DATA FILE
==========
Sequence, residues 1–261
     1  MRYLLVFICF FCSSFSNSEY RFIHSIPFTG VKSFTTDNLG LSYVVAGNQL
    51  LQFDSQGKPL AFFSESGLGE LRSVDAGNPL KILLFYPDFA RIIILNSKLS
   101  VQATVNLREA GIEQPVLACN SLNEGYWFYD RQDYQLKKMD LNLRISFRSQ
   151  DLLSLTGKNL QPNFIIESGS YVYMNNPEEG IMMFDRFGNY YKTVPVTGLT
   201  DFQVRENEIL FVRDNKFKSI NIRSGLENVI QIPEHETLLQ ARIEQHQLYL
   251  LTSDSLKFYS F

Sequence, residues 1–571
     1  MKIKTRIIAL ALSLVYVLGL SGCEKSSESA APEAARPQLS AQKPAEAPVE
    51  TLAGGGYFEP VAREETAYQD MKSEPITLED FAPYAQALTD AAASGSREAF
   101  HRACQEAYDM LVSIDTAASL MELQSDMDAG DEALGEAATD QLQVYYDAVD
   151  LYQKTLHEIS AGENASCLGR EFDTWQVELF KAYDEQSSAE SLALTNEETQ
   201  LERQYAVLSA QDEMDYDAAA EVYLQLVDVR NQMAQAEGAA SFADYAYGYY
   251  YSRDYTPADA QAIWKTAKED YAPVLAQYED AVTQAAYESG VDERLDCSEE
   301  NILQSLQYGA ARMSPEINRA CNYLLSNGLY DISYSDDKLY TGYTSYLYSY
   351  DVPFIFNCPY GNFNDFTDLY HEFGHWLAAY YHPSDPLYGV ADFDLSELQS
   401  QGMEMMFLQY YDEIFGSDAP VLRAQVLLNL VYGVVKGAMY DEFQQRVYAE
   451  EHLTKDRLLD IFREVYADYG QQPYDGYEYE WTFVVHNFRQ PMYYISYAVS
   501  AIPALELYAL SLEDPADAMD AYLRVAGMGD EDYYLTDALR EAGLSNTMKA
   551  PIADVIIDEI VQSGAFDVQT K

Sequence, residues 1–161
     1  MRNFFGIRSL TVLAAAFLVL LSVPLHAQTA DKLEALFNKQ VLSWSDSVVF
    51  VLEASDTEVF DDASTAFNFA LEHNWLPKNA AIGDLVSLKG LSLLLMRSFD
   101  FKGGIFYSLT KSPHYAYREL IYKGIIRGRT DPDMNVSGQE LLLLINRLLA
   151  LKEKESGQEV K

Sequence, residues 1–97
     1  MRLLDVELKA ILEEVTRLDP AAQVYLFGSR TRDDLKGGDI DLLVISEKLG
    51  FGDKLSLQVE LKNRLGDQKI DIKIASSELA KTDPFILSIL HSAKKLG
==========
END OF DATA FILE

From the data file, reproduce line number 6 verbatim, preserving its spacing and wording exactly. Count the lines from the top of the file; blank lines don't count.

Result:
   201  DFQVRENEIL FVRDNKFKSI NIRSGLENVI QIPEHETLLQ ARIEQHQLYL